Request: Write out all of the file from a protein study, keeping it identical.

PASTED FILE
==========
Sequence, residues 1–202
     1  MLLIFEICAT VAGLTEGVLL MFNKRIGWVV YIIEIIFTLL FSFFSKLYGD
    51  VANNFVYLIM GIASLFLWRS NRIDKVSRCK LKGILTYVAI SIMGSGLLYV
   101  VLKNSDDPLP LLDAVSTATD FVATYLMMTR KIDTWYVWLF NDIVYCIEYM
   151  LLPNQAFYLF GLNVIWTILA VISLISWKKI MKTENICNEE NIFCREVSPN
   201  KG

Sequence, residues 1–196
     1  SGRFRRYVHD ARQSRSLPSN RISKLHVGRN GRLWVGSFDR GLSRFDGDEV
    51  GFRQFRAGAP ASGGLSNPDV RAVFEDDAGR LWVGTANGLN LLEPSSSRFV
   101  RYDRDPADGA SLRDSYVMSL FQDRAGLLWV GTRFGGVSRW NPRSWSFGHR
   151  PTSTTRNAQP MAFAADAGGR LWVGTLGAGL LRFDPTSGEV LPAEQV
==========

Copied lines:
Sequence, residues 1–202
     1  MLLIFEICAT VAGLTEGVLL MFNKRIGWVV YIIEIIFTLL FSFFSKLYGD
    51  VANNFVYLIM GIASLFLWRS NRIDKVSRCK LKGILTYVAI SIMGSGLLYV
   101  VLKNSDDPLP LLDAVSTATD FVATYLMMTR KIDTWYVWLF NDIVYCIEYM
   151  LLPNQAFYLF GLNVIWTILA VISLISWKKI MKTENICNEE NIFCREVSPN
   201  KG

Sequence, residues 1–196
     1  SGRFRRYVHD ARQSRSLPSN RISKLHVGRN GRLWVGSFDR GLSRFDGDEV
    51  GFRQFRAGAP ASGGLSNPDV RAVFEDDAGR LWVGTANGLN LLEPSSSRFV
   101  RYDRDPADGA SLRDSYVMSL FQDRAGLLWV GTRFGGVSRW NPRSWSFGHR
   151  PTSTTRNAQP MAFAADAGGR LWVGTLGAGL LRFDPTSGEV LPAEQV